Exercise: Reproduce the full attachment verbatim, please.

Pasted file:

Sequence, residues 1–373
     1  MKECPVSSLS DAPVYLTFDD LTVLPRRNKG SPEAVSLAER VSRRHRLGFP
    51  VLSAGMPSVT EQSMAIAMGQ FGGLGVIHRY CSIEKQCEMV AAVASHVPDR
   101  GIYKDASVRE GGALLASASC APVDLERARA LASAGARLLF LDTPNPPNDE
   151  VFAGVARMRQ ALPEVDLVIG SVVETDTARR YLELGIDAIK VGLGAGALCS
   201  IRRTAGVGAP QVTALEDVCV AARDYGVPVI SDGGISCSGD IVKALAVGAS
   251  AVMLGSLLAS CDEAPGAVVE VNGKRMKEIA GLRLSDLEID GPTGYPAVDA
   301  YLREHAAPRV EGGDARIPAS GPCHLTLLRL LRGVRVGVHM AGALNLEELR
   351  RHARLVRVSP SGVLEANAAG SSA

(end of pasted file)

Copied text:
Sequence, residues 1–373
     1  MKECPVSSLS DAPVYLTFDD LTVLPRRNKG SPEAVSLAER VSRRHRLGFP
    51  VLSAGMPSVT EQSMAIAMGQ FGGLGVIHRY CSIEKQCEMV AAVASHVPDR
   101  GIYKDASVRE GGALLASASC APVDLERARA LASAGARLLF LDTPNPPNDE
   151  VFAGVARMRQ ALPEVDLVIG SVVETDTARR YLELGIDAIK VGLGAGALCS
   201  IRRTAGVGAP QVTALEDVCV AARDYGVPVI SDGGISCSGD IVKALAVGAS
   251  AVMLGSLLAS CDEAPGAVVE VNGKRMKEIA GLRLSDLEID GPTGYPAVDA
   301  YLREHAAPRV EGGDARIPAS GPCHLTLLRL LRGVRVGVHM AGALNLEELR
   351  RHARLVRVSP SGVLEANAAG SSA